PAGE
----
Aeroflot: report round 5

| 0 | Chess Event Coverage
With some delay we now publish Manuel's report on the fifth round of the Aeroflot Open.

It is always interesting to see the players analyze after the games. Some players find it hard after they have lost, others want to justify their play. After Indian GM Sasikiran had resigned against Kazakstan GM Sadvakasov they went off to the analysis room together. The Indian GM had a big advantage during the game but in the time scramble lost his way. They seemed like two old friends talking together, similar ages and were laughing at their own mistakes afterwards. I am sure many GM's could not keep up their good humour as much as the affable ?¢‚Ǩ?ìSasi?¢‚Ǩ?.

One of the larger groups of one country that can be found in the analysis room are the Armenians. One of their obvious strengths is their unity as a group. Seated around are heavyweights like Akopian and Sargissian with the older heads like Minisian and Anastasian. Together with assorted younger players they go through their own games from the day and perform a ?¢‚Ǩ?ìshow and tell?¢‚Ǩ?. Armenian chess has always been strong but with their winning of the recent Turin Olympiad and players like Aronian and Sargissian on the rise the future looks good for the next generation.

In the fifth round the early leader Russian GM Tomashevsky who had 4/4 (!) was beaten by Stanislav Novikov. In years gone past it would be Igor Novikov I would be talking about but this is a young 21 year old. He has only been playing professionally for 3 years but he is clearly another name to mark down. One of the unusual aspects of the Aeroflot Open is the huge number of virtually unknown players who are playing in the tournament. The advantages of having such a tournament here in Moscow is that the locals have more chances to match their chess strength versus the visiting grandmasters. Another fact to note is that youth is leading the way at the moment. Although it is good to see wily experienced players like Minisian, Yusupov, Yakovich taking it to the youngsters.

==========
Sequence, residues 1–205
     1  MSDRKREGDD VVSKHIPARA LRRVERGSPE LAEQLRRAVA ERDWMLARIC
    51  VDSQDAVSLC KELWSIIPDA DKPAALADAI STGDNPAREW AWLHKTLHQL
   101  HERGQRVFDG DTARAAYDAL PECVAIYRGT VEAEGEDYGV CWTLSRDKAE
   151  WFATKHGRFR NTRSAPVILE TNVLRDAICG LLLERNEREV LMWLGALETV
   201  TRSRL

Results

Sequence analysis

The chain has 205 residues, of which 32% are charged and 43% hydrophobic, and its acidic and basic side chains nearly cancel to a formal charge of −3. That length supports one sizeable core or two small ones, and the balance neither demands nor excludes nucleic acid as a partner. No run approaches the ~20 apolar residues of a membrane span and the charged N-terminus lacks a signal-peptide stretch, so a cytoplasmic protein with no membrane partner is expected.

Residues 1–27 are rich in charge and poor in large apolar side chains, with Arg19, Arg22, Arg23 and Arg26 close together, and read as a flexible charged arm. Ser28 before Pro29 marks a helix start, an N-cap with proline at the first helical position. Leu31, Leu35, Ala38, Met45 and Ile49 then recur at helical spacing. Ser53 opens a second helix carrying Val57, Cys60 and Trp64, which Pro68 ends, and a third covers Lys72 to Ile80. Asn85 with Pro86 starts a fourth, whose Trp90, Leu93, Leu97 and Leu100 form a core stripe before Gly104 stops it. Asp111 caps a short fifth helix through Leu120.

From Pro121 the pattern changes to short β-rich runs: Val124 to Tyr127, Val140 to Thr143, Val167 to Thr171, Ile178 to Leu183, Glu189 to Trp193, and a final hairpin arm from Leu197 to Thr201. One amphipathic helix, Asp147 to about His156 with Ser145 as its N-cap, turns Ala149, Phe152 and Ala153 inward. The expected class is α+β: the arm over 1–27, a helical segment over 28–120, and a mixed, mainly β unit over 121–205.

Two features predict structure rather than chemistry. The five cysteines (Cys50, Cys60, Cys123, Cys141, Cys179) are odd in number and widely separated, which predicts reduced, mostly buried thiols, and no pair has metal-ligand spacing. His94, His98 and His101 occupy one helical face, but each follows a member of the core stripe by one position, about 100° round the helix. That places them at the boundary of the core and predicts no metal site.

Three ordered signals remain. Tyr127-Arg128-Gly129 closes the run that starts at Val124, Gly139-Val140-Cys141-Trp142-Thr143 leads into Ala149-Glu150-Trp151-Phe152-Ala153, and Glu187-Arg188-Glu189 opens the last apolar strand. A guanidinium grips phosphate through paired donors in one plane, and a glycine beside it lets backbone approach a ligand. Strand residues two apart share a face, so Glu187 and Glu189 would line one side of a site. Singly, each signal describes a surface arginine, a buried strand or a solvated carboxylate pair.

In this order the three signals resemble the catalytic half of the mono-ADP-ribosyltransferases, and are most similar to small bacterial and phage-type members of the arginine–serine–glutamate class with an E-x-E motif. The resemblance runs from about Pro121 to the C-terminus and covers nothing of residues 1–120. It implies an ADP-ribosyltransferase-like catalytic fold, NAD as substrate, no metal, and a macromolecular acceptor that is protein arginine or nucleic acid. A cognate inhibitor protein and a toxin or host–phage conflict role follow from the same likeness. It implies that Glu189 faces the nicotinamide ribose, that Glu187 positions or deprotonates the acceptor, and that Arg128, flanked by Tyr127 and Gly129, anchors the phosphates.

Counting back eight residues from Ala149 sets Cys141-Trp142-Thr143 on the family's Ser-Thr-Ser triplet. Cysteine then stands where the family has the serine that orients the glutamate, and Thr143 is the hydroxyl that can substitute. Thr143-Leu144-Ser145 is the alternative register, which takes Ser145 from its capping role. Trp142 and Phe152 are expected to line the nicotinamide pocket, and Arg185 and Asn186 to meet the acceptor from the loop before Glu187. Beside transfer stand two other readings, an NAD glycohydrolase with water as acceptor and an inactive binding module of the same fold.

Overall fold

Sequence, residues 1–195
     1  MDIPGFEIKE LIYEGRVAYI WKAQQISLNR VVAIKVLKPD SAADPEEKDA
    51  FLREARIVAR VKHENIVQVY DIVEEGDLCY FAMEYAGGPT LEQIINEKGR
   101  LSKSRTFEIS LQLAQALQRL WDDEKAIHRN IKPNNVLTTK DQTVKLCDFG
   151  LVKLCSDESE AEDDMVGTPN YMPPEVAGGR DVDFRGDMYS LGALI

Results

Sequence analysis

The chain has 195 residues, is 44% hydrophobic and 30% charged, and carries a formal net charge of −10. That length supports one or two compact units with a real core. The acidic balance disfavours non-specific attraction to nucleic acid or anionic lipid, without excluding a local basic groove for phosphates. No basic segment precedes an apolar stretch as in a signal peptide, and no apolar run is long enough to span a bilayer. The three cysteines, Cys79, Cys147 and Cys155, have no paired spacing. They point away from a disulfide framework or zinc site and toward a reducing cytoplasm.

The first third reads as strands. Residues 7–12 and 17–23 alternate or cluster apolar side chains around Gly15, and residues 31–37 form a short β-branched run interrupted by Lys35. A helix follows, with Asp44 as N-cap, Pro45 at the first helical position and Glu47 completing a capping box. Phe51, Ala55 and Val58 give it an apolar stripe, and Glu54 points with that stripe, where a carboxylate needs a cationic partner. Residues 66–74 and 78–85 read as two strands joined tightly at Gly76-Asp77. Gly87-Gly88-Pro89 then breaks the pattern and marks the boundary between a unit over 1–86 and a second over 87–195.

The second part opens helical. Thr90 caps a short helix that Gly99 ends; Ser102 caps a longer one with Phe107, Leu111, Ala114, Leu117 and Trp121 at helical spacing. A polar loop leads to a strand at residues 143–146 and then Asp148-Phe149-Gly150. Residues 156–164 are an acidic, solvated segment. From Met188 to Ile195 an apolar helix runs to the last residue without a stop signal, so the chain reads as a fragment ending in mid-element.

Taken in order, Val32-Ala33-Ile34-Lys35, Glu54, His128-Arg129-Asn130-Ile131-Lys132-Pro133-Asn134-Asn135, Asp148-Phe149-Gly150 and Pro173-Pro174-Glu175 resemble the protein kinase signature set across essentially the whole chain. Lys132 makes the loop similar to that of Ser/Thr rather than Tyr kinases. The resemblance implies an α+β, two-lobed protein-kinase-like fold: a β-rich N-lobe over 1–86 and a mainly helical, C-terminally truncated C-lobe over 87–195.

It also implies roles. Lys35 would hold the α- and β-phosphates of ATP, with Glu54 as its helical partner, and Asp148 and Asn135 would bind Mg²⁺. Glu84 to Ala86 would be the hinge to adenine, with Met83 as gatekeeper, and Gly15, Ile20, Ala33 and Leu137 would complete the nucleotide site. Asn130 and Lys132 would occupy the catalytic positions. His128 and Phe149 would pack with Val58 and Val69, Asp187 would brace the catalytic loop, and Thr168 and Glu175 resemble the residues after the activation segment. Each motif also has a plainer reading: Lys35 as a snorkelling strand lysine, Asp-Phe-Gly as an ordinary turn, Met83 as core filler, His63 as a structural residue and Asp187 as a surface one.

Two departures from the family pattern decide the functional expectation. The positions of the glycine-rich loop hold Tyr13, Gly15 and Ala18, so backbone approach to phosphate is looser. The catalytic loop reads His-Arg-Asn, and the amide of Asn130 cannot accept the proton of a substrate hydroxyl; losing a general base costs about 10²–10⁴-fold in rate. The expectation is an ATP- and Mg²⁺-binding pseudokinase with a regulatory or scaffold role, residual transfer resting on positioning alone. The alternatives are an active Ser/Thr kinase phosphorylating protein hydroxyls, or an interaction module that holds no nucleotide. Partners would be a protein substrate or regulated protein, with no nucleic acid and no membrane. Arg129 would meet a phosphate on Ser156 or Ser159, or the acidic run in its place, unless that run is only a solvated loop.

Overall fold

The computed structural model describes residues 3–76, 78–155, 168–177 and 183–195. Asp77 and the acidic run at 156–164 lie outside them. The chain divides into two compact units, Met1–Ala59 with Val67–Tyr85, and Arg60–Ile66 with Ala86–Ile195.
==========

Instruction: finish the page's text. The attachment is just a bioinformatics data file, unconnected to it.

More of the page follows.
On board 2 Russian Jakovenko defeated fellow Russian GM Bucharov on the white of a Meran Slav. Black seemed to be OK till 32?¢‚Ǩ¬¶Bf2 which allowed White to regroup and force a favourable ending. The young 23 year old who learned chess at the age of 3 and was World Under 18 champion has become one of the tournament favourites with his clear positional style.

Now the question is whether young Novikov can hold on to his half point lead. Either way to be on 4.5 out of 5 is quite astonishing! You must remember this is not a normal open tournament as the lower boards still have well-known grandmasters on them.

Although more reports are to be extected, just a quick editorial update: in round 6 all the top boards were drawn, and yesterday the young Novikov lost to Alekseev, who is now leading together with Jakovenko and Tomashevsky (5,5 / 7).

Photos from round 7: Playing hall


Wang Hao-Yusupov


Bocharov-Vallejo Pons

Viktor Bologan

Robert Ris

Robin Swinkels"^Reports^^^1172073226^1314786230^manuel "Daily puzzle 022207"^"Daily puzzle 022207 White to move and win. The solution will be published tomorrow.

Yesterday's solution: Daily puzzle 022107 47.c3!! Ke6 [47...Rxc3 48.Tf7=; 47...c5 48.Ra2 cxb4 49.cxb4 Rxb4 50.a6 bxa6 51.Rxa6=] 48.Re2+ Kd7 49.Rd2+ Kc7 50.Rd3 c5 51.bxc5 Rxc5 52.Rd4 Rxa5 [52...g5 53.Ra4 Kb8 54.a6 b6 55.a7+ Ka8 56.Ra6=] 53.Rxh4 Rc5 54.Rg4 g5 55.c4 Kb6 56.Kf3 Ka5 57.Ke3 Kb4 58.Kd3 Rf5 59.Kd4 Rf1 60.Kd3 Rf3+ ?Ǭ??¢‚Ǩ‚Äú?Ǭ?, Novikov-Gagunashvili, Moscow 2003 Have fun with our daily puzzles!
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